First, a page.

Doriot Quote Of The Day

The riskiest part of the spectrum has to date proved the most rewarding, and the greatest capital gains have been earned in companies which were started from scratch.

Doriot, in a 1960 talk to the Chicago Society of Security Analysts, titled “Creative Capital”

This has been our experience too. It’s not just the lower valuations you get at the formation stage, but it’s also that you are working from a blank slate with respect to everything and you can work with the founding team to form the culture, the strategy, the team, etc. Buying into companies that have done several rounds has always been a lot harder for me.

#VC & Technology

Comments (Archived):

  1. Philip

    So why do some many investors move up the value chain investing larger amounts at later stages or moving onto MBOs? You do not see many private equity companies in this space. But it is the space to be – where it all happens with people and dreams.

    1. fredwilson

      Its about money. Let’s say we own 20pcnt of a company and we have to invest 5mm over five years to get to an exit. Let’s say that exit is 250mm. That’s 50mm of value for 5mm of investment or 10x. The partners in the firm get 20pcnt of 45mm or 9mmLet’s say you buy a company for 100mm. And then you sell it three years later for 200mm. That’s 2x but a 100mm gain. The partners in the firm get 20pcnt of 100mm or 20mmMore money in less timeEarly stage investing is largely done by people who value the adventure as much or more than the moneyFred

      1. Steven Kane

        Amen, brother Fred.I think one of the big challenges facing early stage VC these days is that there are too many (a majority) of VCs who “don’t value the adventure as much or more than the money”

      2. Krassen Dimitrov

        What is implied here, but never said out loud is the vice versa:If you lose everything in case A, your loss is $5M, and in case B is $100M. Except that the manager’s loss in both cases is nominal, it’s not their money and they still get the fees. So the incentive for the VC is to get a big fund (more fees), invest in bigger deals and if they pan out, get a better payout. The LP, however cares about the IRR; for the LP case A is much better – major disconnect. I guess, some people care about reputation and long term standing with the LP…That’s the situation with many financial vehicles, not just VCs. Hedge funds, LBOs, etc. This asymetry between the manager and the LP in positive and negative outcomes is a big problem, in my view.Your modus of raising small funds and investing in early deals is very admirable, should make your LPs quite happy. Hopefully it works for you in the long run. The others, as they say “pigs get slaughtered”, unfortunately not without doing damage to pension funds, college endowments, etc…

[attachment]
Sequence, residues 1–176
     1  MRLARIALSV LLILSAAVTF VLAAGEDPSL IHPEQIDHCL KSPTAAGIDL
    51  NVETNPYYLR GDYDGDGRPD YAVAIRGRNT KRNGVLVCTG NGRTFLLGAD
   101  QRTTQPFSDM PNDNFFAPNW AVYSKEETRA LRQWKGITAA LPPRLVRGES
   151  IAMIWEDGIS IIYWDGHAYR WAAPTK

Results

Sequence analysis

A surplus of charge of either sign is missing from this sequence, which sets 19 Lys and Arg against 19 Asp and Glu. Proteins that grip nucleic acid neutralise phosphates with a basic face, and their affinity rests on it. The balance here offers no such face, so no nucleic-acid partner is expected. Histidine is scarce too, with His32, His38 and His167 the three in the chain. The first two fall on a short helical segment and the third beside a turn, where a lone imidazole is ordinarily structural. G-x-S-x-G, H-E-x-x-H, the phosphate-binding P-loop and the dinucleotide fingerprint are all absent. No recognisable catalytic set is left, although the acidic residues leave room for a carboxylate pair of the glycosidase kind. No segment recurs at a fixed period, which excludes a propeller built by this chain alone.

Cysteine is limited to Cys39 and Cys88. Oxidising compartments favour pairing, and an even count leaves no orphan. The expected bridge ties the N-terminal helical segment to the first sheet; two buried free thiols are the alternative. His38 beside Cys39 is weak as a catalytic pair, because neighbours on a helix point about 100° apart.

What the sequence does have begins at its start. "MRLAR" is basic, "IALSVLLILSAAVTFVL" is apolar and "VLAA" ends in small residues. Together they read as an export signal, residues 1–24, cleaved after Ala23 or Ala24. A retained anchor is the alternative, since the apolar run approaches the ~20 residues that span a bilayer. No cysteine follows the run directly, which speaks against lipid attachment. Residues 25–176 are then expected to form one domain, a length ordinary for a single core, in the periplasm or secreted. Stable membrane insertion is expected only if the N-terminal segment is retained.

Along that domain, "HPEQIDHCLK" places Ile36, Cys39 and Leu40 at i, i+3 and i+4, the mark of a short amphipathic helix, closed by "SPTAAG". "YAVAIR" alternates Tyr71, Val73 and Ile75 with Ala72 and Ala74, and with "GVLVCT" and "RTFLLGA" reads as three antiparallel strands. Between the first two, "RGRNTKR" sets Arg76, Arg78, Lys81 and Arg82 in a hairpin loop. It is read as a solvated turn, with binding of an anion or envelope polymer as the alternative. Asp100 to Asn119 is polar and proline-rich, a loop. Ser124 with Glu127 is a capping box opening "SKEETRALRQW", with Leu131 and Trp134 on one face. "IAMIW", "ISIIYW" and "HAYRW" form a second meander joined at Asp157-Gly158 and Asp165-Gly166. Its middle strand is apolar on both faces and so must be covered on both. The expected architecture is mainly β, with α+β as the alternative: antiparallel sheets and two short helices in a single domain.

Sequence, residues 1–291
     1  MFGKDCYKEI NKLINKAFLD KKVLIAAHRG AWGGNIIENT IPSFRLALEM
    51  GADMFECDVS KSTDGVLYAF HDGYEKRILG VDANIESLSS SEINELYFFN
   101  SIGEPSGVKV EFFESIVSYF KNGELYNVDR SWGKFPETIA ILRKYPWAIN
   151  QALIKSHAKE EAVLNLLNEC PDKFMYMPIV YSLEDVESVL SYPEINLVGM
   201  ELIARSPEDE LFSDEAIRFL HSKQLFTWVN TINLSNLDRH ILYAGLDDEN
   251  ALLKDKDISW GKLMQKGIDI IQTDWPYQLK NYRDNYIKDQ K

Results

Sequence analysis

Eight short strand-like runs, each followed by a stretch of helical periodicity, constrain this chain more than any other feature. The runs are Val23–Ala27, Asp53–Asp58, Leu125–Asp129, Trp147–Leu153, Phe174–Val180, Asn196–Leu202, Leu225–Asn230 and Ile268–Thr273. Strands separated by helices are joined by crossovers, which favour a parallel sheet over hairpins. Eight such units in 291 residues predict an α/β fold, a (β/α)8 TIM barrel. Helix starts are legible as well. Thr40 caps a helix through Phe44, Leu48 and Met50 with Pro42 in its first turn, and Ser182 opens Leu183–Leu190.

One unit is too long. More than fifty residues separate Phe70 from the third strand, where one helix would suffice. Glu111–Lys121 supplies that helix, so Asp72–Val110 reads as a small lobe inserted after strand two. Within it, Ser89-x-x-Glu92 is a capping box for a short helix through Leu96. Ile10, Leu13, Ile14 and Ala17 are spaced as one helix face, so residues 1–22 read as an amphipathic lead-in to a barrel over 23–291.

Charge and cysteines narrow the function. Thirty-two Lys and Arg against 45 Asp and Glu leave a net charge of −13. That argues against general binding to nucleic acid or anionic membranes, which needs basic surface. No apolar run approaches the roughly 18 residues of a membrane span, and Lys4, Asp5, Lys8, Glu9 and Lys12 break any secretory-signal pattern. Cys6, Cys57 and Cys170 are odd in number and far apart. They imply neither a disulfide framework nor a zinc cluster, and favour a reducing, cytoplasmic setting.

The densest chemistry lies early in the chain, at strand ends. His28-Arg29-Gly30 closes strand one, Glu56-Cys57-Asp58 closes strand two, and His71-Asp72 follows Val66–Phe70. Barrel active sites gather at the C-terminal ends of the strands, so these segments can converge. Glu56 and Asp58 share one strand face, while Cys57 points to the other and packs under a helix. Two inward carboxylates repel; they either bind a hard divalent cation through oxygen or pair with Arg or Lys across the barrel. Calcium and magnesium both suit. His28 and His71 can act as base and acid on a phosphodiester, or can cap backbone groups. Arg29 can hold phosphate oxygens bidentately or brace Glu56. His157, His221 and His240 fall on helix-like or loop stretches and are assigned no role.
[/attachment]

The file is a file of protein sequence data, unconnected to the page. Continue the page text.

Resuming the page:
3. tetsuotrees

        That’s a fantastic point, Fred.

      4. ispivey

        Not to mention that to some degree the ability to raise larger funds is seen as a badge of success, and as funds get bigger investment size tends to follow.Do VC firms typically charge base fees on committed funds? In the infra/PE space that’s certainly an incentive to raise larger funds — more low-risk annuity income.

  2. mikenolan99

    Might add to “started from scratch” the observation that the greatest capital gains also seem to come from companies with key players in search of passion and meaning.Thanks for the posts… seriously great music taste, and pearls of wisdom in an industry I’m enchanted with. Everything you need from a blog, but were afraid to hope for.Mike

    1. fredwilson

      Well thanks. I appreciate the comments, particularly about the music

  3. Don Jones

    Fred, you’re an Angel Investor in VC clothing…

  4. Chris Dodge

    Taking your early-stage standpoint a bit further, one would arrive at an “incubator” which combines capital with operational teams under one roof. Do you have any insights why incubators (such as CMGI and IdeaLab) were considered to be such big flameouts last time around? In answering my own question, it seems like the did not keep the operational costs of their incubated “hatchlings” under tight control. As I recall, places like CMGI tended to follow the “get big quick” mantra and spent accordingly.

    1. fredwilson

      Companies need to be selfish and do what is in their best interestsIncubators get in the way of that with their notion of shared space,resources, etc

      1. Chris Dodge

        Yes, this opinion is consistent with what you wrote about not forcing cross-leverging across portfolio companies. Do you feel your assessment of also applies to next generation incubators like Y-Combinator.

  5. Guy Platt

    Fred, off topic, but do you take questions, or suggestions for a blog post? If so let me know how to submit one.Thanks Guy

    1. fredwilson

      Just leave it in the comments and I’ll see it

      1. Krassen Dimitrov

        here’s one:I would really like to hear your views on what should be done with GWBush and his gang next year, in light of McClellan confirming what everyone knew. Is it good for the country to dig into this and put some of these crooks behind bars (Rove, maybe Cheney, Bush?) or should we move on and let this thing in the past…

  6. Stephanos Anton Ballmerfeld

    That’s why I prefer to take over companies from scratch!